It’s been almost a month since the New York Times broke the story of Ashley Judd’s allegations against Harvey Weinstein. A month in which people have bravely stepped forward to break the silence and tell their own stories. A month of support and empowerment.
Do I have a responsibility not to self-harm because of the impact it will have on those around me?
Not exactly a party starter, is it? But it’s because this is a deeply uncomfortable question with significant and numerous ramifications that we don’t engage with it – we try not to think about it at all – despite the vital insights it might offer.
Creating images is Hollywood’s business, so perhaps we should be a little less taken aback by the allegations raining down upon Harvey Weinstein like Oscars used to do.
But then, the pictures they like best tend to be formed from bold colour palettes, semiotics, tropes and conventions to push us towards a resolution that while not necessarily satisfactory, is at least coherent. If the stories they told were as convoluted, confusing and messy as those we experience in real life, no one would watch them.
Allegations that a very rich,very powerful Hollywood mogul behaved inappropriately with a number of women he worked with and paid some of them to keep quiet about it would have been revelatory ten years ago. Maybe even five.
Unless you’re a woman born before 1995. If that’s the case, the only revelation is that two female reporters were allowed to conduct an investigation into the matter which the New York Times broke yesterday.
The crowded train carriage is rocking rhythmically. It might be accidental and you don’t want to come off like a screaming hysteric, but still. That leg, arm or pelvis pressed against you is uncomfortable and you’d rather it wasn’t there. Like when Mark from Peep Show put his hand on the bus seat and then Soph sat on it. He probably doesn’t even know and will be mortified if you were to call him out publicly. He looks alright. Not weird or anything.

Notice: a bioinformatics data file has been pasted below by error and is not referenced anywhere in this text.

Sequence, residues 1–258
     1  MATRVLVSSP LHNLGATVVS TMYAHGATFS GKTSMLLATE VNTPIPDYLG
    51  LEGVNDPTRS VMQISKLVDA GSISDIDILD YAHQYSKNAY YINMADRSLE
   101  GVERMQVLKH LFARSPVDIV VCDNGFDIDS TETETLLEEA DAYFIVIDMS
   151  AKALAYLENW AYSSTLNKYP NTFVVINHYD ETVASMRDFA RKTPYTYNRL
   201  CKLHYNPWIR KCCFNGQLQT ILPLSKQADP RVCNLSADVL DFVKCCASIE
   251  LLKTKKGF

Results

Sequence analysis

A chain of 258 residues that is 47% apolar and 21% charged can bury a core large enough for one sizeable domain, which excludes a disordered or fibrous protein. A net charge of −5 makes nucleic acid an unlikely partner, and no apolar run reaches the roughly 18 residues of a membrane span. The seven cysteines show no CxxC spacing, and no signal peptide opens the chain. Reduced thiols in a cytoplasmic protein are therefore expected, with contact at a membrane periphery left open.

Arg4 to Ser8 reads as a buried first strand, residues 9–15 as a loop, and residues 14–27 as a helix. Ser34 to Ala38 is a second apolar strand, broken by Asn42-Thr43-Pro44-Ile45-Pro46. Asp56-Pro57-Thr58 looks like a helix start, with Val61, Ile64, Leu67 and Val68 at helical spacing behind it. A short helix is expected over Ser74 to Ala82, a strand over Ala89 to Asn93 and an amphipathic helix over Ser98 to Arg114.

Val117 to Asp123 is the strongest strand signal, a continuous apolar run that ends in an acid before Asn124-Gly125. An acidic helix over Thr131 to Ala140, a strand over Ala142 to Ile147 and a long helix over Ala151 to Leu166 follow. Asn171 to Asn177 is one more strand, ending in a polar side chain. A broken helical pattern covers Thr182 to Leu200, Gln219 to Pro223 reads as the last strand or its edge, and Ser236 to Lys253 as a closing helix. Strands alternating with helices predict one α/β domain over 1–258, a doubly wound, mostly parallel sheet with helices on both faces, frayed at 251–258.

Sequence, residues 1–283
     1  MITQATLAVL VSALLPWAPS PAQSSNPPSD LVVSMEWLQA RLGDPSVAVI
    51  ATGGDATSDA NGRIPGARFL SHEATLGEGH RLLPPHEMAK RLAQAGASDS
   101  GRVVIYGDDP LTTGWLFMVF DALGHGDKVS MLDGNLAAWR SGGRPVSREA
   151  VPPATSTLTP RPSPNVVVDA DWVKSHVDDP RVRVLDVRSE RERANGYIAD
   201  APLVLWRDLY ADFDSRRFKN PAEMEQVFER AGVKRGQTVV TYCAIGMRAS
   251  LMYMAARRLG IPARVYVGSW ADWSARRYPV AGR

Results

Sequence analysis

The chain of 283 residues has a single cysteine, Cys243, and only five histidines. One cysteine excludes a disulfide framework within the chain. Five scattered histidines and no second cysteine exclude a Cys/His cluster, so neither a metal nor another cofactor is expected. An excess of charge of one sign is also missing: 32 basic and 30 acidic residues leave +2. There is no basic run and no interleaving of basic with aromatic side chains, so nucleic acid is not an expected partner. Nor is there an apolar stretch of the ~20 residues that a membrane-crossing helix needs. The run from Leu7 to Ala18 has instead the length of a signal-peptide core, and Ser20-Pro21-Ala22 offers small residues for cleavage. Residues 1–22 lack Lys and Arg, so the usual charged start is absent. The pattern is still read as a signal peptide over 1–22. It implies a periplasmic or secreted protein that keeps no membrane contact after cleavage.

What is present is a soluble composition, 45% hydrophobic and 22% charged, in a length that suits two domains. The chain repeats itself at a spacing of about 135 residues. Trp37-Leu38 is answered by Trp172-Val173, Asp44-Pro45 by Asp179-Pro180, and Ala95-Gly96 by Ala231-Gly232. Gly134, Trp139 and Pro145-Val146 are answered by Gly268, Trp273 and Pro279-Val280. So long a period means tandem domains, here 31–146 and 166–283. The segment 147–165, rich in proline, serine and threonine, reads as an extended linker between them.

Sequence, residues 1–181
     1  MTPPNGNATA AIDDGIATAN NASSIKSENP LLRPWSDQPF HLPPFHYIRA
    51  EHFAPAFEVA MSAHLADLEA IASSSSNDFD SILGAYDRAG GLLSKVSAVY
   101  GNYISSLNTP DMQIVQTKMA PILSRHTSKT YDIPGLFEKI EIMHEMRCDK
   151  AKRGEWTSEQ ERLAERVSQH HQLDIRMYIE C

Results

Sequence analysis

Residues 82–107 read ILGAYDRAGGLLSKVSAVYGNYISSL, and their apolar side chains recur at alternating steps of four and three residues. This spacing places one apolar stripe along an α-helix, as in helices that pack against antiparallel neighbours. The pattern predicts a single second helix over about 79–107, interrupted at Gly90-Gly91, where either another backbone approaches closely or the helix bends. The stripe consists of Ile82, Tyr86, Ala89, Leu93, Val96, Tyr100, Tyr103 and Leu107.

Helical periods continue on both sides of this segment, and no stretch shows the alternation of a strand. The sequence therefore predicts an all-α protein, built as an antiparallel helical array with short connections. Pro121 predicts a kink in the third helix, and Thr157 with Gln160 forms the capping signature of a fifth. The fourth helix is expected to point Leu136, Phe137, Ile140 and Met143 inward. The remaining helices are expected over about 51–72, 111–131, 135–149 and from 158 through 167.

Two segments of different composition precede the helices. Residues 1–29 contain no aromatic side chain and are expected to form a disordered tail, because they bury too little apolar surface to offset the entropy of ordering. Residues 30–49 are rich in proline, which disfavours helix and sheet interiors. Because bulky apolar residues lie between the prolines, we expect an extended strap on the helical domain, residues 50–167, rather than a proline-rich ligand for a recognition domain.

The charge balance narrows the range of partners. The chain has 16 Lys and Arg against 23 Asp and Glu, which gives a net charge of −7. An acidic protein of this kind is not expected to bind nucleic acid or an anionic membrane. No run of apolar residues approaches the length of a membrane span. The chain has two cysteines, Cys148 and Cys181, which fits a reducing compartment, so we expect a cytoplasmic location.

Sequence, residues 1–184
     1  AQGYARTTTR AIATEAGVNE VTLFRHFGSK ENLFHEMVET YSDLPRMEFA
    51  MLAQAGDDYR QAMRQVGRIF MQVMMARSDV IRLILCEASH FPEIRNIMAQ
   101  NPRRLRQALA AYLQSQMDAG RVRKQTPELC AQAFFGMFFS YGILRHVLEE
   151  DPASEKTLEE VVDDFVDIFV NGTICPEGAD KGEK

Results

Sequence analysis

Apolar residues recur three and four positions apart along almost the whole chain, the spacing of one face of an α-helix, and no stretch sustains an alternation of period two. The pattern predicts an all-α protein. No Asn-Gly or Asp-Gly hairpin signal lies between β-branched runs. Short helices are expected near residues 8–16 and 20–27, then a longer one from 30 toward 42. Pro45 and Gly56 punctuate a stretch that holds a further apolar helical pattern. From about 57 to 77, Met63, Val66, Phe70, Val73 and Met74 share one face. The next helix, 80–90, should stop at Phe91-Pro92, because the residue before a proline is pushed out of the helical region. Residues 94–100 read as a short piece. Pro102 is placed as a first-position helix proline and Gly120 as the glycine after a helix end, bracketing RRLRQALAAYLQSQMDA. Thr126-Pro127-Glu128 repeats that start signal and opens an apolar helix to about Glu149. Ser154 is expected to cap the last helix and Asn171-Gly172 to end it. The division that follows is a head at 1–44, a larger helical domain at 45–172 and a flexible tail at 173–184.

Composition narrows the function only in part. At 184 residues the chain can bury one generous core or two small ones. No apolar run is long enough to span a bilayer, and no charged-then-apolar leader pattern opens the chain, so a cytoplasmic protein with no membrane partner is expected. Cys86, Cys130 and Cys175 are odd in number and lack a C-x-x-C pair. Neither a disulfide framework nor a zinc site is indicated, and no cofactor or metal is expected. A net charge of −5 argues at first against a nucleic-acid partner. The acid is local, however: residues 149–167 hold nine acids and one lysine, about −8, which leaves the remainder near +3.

Phew. You shifted and the contact is broken. That could have been really awkward.
While true crime is enjoying something of a spike in popularity, let’s not treat it like a recently discovered, previously untapped mine of compulsive entertainment. People have been getting their kicks from vivid descriptions of gory violence and proximity to psychopathy since the true crime section sprang up in WH Smiths.
I know. I was there.
Stereotypes tell me that at least 50% of you are going to recoil from this post because of the title. Because you’re men and have a genetic condition that renders you incapable of seeing the word tampon without having a panic attack, let alone stride confidently through the aisles of the supermarket grasping the box of Tampax Super your other half requested.
I choose not to believe in stereotypes. They’re a luxury from a bygone age, when we didn’t use them to obfuscate and externalise our responsibilities.
You’re better than that.
I suppose it would be odd if I didn’t write something about depression in Mental Health Week. But ironically, I’m currently depressed, and more ironically still, unlike all the artists I love and admire, I’m not inspired to greatness by suspension in my own misery.
Twitter is a weird place.
Embed from Getty Images
I’ve never been particularly comfortable with Caitlyn Jenner’s transition.
That bothered me.